Country Legislation Policy Guyana Telecommunications ACT, 1990 The Public Utilities Commission Act (1999) Post and Telegraph Act Cap.47.01 National Development Strategy ( ) OECS Telecommunications Act - St. Lucia, 2000 - St. Vincent and Grenadines, 2000 - St. Kitts and Nevis, (Amended 2001) - Dominica, (Amended 2001) - Grenada, 2000 ECTEL makes policy recommendations to its member states, e.g.: - St. Vincent and Grenadines’ recent consultations on VoIP IP Telephony regulation policy,

25 Re-Thinking Regulation
Legislation dated with many Acts and Laws governing the telecom sector pre-dating Telecom liberalization in many states Legislation to address convergence of sector with Information Technology and media and its interactions with financial sector Other severely outdated laws to be reassessed include: Competition Laws Broadcasting and Cinema Laws E-Transactions and E-Government legislation still under development in a number of countries

26 The Global Policy Framework
WTO General Agreement on Trade in Services – provides legal framework for implementing policy reforms which would provide stability and regulatory certainty for investors in the Region UN Millennium Development Goals – social, economic and human development by 2015 Declaration and Action Plan of WSIS – framework for development of ICTs and its integration in to key social and economic sectors.

27 The Regional Policy Framework
CARICOM Connectivity Agenda Individually and collectively move towards expanding access to global knowledge and full integration with the knowledge society Modernization of the telecommunications sector Promoting and strengthening free and fair competition in telecommunications services Facilitating access to and usage of computers and software in our learning environments

28 The Regional Policy Framework
Affordable, high quality ICT services and equipment; Fair and competitive environment Reduced barriers for entry and simplified administrative rules; Government led adoption to the delivery of services Highly trained and skilled workforce Source: Green Paper - Action Plan for Telecommunications/ICT Services in CARICOM, 2007

29 Key Issues and Challenges
Policy and Legislative Framework Human Resource Requirements Infrastructure Requirements Access to and Use of Telecommunications Influencing Global Policy Financing Sustainability and Environmental Issues Regional Coordination / Cooperation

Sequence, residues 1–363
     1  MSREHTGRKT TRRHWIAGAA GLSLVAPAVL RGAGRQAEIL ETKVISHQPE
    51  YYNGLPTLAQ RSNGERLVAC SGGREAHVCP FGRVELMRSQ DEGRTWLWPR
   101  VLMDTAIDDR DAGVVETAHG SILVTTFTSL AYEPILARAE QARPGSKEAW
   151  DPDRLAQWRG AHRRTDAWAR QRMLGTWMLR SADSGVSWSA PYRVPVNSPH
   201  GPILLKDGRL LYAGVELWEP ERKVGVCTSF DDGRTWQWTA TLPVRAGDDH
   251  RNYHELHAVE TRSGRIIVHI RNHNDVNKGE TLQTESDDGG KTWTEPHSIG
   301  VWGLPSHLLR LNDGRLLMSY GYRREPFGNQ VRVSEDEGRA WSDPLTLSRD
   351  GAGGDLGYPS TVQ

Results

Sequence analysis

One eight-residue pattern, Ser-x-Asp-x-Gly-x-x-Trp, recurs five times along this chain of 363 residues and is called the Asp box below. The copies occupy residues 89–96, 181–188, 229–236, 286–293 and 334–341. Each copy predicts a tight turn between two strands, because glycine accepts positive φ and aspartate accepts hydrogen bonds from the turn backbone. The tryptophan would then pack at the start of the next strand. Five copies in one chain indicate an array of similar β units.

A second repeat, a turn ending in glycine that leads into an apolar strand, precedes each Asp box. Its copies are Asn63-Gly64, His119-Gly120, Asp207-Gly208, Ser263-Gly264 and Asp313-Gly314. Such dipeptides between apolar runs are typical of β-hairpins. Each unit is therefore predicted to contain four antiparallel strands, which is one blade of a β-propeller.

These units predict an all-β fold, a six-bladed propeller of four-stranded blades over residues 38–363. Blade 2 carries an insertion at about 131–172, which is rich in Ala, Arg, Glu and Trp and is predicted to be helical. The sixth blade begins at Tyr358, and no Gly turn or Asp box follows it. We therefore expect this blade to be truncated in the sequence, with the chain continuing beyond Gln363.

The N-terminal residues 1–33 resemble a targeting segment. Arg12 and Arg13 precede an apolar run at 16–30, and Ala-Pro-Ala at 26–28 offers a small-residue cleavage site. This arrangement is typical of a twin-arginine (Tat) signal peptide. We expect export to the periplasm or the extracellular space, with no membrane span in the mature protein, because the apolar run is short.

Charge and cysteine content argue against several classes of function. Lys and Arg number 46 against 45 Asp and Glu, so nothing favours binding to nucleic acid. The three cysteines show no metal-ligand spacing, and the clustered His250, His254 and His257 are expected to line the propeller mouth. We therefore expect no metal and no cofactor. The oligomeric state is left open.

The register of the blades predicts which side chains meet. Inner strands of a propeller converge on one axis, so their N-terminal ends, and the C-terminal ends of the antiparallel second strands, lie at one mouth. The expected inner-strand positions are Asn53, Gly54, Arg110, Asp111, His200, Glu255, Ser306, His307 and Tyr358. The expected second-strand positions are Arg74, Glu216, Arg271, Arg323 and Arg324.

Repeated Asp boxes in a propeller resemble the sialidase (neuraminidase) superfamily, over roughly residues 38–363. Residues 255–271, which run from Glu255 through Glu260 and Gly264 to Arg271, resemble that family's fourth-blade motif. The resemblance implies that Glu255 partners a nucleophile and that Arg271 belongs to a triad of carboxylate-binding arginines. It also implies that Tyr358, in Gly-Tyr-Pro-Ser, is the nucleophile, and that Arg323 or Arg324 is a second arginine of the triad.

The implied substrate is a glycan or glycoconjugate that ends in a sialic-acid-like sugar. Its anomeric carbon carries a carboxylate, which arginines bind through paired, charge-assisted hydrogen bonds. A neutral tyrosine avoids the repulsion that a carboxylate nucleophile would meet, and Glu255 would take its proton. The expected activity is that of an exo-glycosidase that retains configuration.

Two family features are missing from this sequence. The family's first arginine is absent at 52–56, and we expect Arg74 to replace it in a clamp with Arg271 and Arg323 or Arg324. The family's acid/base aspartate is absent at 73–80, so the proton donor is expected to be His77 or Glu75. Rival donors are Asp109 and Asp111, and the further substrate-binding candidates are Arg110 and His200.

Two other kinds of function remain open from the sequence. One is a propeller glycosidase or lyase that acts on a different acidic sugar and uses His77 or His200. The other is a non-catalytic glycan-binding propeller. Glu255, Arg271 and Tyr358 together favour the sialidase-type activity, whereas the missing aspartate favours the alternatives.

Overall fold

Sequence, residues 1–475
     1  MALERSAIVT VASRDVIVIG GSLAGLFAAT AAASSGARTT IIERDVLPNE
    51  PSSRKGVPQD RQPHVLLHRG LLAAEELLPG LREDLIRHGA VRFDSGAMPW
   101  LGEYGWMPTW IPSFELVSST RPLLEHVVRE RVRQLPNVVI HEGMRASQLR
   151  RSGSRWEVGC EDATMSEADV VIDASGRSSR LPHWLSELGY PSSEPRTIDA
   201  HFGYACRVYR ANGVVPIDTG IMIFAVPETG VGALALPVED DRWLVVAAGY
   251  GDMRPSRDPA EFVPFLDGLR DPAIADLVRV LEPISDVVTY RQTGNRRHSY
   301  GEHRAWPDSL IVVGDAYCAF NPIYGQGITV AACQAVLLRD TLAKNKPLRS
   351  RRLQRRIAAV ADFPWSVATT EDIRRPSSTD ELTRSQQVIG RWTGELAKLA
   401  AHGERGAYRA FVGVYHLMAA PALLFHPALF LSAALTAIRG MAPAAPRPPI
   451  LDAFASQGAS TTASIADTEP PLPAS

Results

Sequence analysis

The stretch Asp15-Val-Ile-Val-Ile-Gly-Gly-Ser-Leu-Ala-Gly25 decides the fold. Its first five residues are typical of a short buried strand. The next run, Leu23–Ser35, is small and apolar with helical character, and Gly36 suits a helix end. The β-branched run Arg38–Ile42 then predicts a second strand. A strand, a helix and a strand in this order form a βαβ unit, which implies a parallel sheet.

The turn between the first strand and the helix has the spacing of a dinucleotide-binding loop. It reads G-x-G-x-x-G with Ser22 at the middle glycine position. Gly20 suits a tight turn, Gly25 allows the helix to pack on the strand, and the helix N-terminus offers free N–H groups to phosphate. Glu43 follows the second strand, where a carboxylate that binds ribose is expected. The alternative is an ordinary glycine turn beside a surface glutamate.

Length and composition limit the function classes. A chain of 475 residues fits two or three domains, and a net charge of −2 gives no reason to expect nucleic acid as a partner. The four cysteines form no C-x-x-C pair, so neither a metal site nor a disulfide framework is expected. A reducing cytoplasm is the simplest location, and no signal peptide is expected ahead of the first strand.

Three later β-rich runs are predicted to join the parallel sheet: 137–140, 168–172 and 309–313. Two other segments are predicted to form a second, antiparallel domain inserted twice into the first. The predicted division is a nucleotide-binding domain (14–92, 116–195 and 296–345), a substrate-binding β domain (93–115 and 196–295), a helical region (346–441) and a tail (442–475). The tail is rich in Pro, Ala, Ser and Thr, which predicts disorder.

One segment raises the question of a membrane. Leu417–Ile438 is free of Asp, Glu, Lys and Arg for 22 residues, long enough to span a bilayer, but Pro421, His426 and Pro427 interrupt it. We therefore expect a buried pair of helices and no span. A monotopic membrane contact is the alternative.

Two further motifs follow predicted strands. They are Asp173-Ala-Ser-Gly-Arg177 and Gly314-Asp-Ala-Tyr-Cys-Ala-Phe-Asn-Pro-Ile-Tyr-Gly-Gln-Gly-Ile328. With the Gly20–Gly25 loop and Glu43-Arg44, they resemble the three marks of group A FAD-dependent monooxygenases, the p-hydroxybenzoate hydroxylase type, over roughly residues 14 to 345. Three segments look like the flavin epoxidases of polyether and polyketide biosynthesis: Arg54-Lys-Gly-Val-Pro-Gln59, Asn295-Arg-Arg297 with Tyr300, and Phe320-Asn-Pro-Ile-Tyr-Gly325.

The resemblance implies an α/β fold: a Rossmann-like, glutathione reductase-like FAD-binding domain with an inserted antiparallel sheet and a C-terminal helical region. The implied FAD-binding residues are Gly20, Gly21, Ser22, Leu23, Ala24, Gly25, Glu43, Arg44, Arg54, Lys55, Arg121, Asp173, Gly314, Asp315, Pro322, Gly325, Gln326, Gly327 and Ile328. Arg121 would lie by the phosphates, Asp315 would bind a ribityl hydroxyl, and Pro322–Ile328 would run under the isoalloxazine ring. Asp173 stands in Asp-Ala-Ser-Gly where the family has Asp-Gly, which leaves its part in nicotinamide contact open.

30 Policy, Legislative and Regulatory Framework
Pace of development of policy, legislative and regulatory framework not equal across the region Non-harmonized approach except in a few areas e.g. Spectrum policy. Technological advances often outpace the rate of change of the framework

31 Human Resource Requirements
Developing a renewable cadre of skilled specialists in technology and policy of the telecoms sector Identifying training and development gaps as well as the opportunities to fill those gaps within the region collaboratively Expanding existing training facilities Facilitating OPEN ACCESS cross-regionally

32 Infrastructure Requirements
Redressing the digital divide through regional level connectivity infrastructure Adequate investments needed in providing affordable region-wide broadband coverage Some level of investment has taken place through foreign firms such as Digicel, Claro, Orange, Verizon etc. However, the cost of capital for indigenous firms to compete in providing telecommunications services at affordable prices to the end users is often prohibitive.

33 Access to and Use of Telecommunications
Mobile telephony penetration is growing at a rapid rate in the region However there is a slower pace of growth in the adoption of more advanced business-oriented technologies Challenges include: Adopting regional policies that facilitate the move from basic telecommunications services to more advanced 3G applications Addressing pricing issues that make access and affordability of these services a deterrent to adoption